9:01 AM, 28th March 2013, About 11 years ago 4
A Simple Landlords guide to Health and Safety written by Syd Lewis
When I first started renting properties some 20 years ago, to be legal, all you had to do was have a rent book and if you wanted to ensure you could get possession of your property at the end of the tenancy you drew up an AST. It seems these days Landlords are required to perform more and more tasks, which has not only resulted in having to spend additional time managing their properties but also increased cost. In my work as a professional inventory clerk, I often meet new property owners who apart from perhaps having some vague idea that they need a gas safe certificate and an inventory as part of the Tenancy Deposit Scheme know of little else. This article is for them just to give a few pointers in plain English about some other aspects to consider about health and safety when letting a property.
First the stick, penalties and enforcement, if you for whatever reason, fail to comply with any of the statutory regulations for Landlords and rented property you could be fined up to £5000 or even receive a custodial sentence. Further, if you need to make a claim on your insurance and you are in breach of the regulations your insurance is likely to be void.
Now the Carrot, in my years as a Landlord one of my great pleasures it to hear my tenants tell others that I am a good Landlord and how they like living at their rented home. Apart from the obvious ego massage, there are other benefits, they stay longer at the property reducing void periods and the hassle of finding, vetting and establishing a new landlord and tenant relationship, they tend to take greater care of the property and are willing to pay a higher market rent the live there.
First and foremost, it is the landlords responsibility the make sure the property they let is habitable, in health and safety terms, adequate heating and ventilation, lighting, proper sanitation and more recently good insulation. It is also important for Landlords to make sure tenants understand their responsibility too. I have found a great aid to this, is not just to tell tenants what to do but also to provide a “tenant’s pack”. This includes a welcome note, important information, e.g. how to turn off the water in an emergency, what they should do if there is a problem with the boiler, how to properly ventilate and look after the property to avoid excessive condensation and the resultant mould, operation manuals for any appliances at the property. As a matter of thoroughness, I also recommend that you have copies of any certificates for the property in the tenants pack even if you are not required by law to do so.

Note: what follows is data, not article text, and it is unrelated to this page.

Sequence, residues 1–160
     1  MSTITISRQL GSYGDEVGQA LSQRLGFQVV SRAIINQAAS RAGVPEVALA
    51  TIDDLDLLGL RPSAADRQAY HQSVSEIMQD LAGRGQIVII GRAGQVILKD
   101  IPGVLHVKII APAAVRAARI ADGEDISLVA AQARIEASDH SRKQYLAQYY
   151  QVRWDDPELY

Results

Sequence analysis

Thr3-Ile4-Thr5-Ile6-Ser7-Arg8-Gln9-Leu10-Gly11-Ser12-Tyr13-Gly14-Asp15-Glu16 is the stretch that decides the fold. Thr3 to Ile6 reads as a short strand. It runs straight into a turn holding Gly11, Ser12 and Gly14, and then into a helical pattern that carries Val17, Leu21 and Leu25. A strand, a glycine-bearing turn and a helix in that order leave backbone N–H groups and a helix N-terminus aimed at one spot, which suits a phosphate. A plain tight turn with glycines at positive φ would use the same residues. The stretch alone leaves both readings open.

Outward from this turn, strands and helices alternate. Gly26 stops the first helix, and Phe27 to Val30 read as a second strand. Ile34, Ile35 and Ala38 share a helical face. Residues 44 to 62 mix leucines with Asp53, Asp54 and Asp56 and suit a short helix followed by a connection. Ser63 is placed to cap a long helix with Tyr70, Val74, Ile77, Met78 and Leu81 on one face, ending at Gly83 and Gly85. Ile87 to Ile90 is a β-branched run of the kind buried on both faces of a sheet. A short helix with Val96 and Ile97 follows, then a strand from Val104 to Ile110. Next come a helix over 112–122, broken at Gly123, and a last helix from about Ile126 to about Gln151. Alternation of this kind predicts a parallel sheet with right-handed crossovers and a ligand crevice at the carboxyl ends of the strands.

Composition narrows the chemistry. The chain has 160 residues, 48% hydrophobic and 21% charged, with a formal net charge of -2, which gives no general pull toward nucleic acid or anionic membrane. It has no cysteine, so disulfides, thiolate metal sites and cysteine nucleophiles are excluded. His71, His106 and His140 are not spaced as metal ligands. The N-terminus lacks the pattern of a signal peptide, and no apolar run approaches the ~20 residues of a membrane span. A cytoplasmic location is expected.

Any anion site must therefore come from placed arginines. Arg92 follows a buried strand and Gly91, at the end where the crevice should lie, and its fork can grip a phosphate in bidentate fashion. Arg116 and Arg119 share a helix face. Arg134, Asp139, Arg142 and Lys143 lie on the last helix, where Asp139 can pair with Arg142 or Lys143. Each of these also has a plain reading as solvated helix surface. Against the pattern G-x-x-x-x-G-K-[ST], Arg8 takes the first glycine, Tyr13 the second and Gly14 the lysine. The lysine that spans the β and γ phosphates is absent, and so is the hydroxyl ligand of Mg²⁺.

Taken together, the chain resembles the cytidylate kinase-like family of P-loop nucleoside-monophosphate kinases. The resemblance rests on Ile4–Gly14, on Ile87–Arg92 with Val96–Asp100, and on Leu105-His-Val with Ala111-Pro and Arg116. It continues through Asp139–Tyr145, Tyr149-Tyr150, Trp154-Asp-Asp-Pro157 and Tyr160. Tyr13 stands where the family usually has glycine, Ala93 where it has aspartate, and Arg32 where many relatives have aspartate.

Energy Performance Certificate (EPC):
EPC, is a document that states the energy efficiency of a property in bands such as A.B,C, D, etc. stating its typical energy use for the year and estimated cost. The certificate is valid for 10 years. You are required to provide a copy of an EPC to any new tenant. If it is in your tenants pack, you have fulfilled your duty.
Furniture and Furnishing Fire Safety Regulations (FFL):
Since 1997 all upholstered furnishings must be fire resistance and have the appropriate fixed permanent labels attached: Beds (including headboards, bases and mattresses), sofa-beds, futons and other convertibles, children’s furniture, garden furniture that can be used in the dwelling, scatter cushions, seat pads, pillows. This is not normally an issue these days as most modern furniture is already labelled. However, should the label come loose or be taken off then you will be in breach of the regulations. A good inventory will list each item that has a FFL and help identify any such items that may have had their label removed or damaged during a tenancy.
Fire Extinguishers and Blankets:
There is no compulsory requirement to provide fire extinguishers or fire blankets in single occupation tenanted properties (please note there are special regulations for HMOs and converted building over two stories), but again, this may be a wise precaution, at least in the kitchen area. Having made the decision to provide fire extinguishers, the landlord or agent must then arrange for regular servicing – usually on a 12 monthly basis. You will need to keep up to date records and keep a copy in tenants pack.
Since 1992 it is required that, all smoke alarms are electrical mains supplied and have a battery backup. There are specific requirements as to which type and where they should be place according the buildings structure and layout. It is the landlord’s duty to make sure the correct devices are fitted at the correct location and to ensure that all devices are working properly when a new tenant takes up occupancy. Thereafter, it is the tenant’s responsibility to regularly check the device by looking for the green light, pressing the self-test button to ensure it is working and when necessary change batteries. Cleaning should be carried out by a competent person and manufactures instructions should be followed. The Landlord needs to make sure that the tenant is aware of their duty and it is a good idea to have this in writing and ensure that there is operation and cleaning advice in the tenants pack.